Integrity: Where’s Your Line in the Sand?

Snickers; photo by "lancem_123" via PhotoBucketSo the other day, I succumbed to the vending machines on campus and got a Snickers bar.  Need brain food, right?  And you know what?  It spit out two Snickers bars.  That’s right, TWO!

My first thought was that the vending machine gods had smiled upon me.  My second thought was a definition: Integrity is what you do when no one is looking.

My honesty/integrity level has always been pretty high – as a child, I got in more trouble for telling a lie than for whatever I had done wrong in the first place, and we raised our kids the same way. Don’t pass the blame to someone else, take responsibility for your own actions, work for your pay, and pay for what you get.  I can’t tell you the number of times I’d end up in the parking lot and find a greeting card or lipstick or something under my purse, and have to trudge the kids back in with me so I could pay for it.  I also couldn’t tell you how many Wows or Thank Yous I got when I did.

Vending machines are a little different, but I knew it would bother me all day if I just kept the second Snickers.  So I found the nearest office and asked who was in charge of the vending machines.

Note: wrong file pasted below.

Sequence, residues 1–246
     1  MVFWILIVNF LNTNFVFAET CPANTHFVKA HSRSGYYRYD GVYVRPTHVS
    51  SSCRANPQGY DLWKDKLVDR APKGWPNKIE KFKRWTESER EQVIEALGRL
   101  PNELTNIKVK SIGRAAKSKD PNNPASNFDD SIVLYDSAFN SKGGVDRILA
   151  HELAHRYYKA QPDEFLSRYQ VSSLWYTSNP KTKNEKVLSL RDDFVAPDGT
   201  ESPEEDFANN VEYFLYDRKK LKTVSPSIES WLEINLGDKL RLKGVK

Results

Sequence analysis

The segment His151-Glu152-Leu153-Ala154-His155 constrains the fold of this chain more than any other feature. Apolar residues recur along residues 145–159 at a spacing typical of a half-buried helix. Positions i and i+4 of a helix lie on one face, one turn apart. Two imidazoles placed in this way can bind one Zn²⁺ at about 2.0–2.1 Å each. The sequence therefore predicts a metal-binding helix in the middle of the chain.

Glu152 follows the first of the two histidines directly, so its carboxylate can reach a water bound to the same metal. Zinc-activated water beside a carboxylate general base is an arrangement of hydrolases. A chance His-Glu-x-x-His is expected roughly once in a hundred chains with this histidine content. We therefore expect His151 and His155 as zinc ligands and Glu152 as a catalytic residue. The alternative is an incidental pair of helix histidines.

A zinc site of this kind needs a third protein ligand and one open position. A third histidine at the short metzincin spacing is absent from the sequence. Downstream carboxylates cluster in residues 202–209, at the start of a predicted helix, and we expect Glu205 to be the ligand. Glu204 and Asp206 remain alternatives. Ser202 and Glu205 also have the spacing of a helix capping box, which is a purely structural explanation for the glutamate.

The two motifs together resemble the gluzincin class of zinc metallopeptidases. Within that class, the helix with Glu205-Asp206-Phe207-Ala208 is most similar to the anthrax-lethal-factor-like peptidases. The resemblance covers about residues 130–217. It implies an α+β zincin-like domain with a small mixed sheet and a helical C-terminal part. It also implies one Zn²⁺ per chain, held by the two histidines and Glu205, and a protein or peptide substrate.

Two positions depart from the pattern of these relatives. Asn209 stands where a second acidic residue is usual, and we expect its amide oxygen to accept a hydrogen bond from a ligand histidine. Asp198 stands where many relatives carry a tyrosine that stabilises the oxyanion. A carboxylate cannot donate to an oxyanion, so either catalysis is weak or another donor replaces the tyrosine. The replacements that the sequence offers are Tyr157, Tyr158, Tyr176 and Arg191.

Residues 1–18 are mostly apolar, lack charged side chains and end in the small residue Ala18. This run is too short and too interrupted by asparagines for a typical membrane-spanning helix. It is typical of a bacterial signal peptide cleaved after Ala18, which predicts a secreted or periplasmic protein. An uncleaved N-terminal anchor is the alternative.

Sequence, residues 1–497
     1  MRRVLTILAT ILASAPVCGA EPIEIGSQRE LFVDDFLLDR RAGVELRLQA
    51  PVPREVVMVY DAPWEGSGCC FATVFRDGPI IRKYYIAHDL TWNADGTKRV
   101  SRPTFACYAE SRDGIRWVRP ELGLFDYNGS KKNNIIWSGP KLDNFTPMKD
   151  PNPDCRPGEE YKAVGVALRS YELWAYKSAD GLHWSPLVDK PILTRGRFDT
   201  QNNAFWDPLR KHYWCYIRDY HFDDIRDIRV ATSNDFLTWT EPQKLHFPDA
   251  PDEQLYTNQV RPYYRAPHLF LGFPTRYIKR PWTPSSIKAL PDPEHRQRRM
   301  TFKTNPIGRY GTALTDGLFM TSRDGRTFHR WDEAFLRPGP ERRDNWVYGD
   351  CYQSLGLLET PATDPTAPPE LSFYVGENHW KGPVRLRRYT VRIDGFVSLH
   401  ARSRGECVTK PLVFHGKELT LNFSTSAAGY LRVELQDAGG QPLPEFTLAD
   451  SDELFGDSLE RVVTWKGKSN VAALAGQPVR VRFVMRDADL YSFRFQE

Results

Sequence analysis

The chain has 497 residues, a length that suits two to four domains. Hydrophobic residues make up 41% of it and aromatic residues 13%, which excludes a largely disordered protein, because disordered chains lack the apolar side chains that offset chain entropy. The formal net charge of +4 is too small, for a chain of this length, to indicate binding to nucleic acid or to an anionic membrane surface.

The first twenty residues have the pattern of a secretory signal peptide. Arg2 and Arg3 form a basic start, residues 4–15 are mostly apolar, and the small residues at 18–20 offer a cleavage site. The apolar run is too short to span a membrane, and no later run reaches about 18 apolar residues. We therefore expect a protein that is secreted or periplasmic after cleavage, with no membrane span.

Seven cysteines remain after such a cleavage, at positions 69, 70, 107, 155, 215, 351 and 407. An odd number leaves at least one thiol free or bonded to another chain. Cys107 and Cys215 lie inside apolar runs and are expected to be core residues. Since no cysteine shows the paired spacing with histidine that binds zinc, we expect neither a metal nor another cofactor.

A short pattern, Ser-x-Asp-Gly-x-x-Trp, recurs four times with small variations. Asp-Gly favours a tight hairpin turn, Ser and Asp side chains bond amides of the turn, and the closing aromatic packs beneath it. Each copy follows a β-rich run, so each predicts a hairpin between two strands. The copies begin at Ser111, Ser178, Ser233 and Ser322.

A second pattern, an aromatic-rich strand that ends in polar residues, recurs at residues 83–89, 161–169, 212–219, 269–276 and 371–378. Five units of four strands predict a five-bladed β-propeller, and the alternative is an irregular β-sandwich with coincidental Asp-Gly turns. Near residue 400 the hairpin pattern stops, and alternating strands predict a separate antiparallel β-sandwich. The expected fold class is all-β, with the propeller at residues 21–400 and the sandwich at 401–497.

“Why, did it take your money?” the guy asked.

“No, it gave me an extra Snickers bar.”

He shrugged and said it must just be my lucky day.

The woman in the glass-walled private office smiled through her open door and nodded.  “The company that does the vending machines is off campus and nobody here has anything to do with them.  Enjoy it.”  And no, she didn’t want me to leave the money with them.

I thought about getting the company address and mailing it (I know, I know, I take things to extremes), but the postage plus their costs in processing a single dollar made that seem counterproductive.

So I finally walked into the computer lab where I was heading to begin with, feeling rather smug.  I ate the first Snickers, the second one is waiting for another calorie splurge, and my sense of integrity is intact.  Unless we’re going to talk about cheating on diets.

Obviously, I can carry things to the point where other people shake their heads.  But where is your line in the sand?  When do you go back to make something right, and when do you just let it go? 

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9 Responses to Integrity: Where’s Your Line in the Sand?

  1. I always return things/turn them in. I’m disappointed when the other person pockets it and walks away when it isn’t theirs. That was not my intent.

    • Jennifer Jensen says:

      I’m flabbergasted that a staff member you return something to would think that because it’s already off the shelves, they can just pocket it. Talk about not having any integrity! But I love hearing stories of people doing the right thing – kudos to you and how you’ve raised your kids, Diana.

  2. Mely says: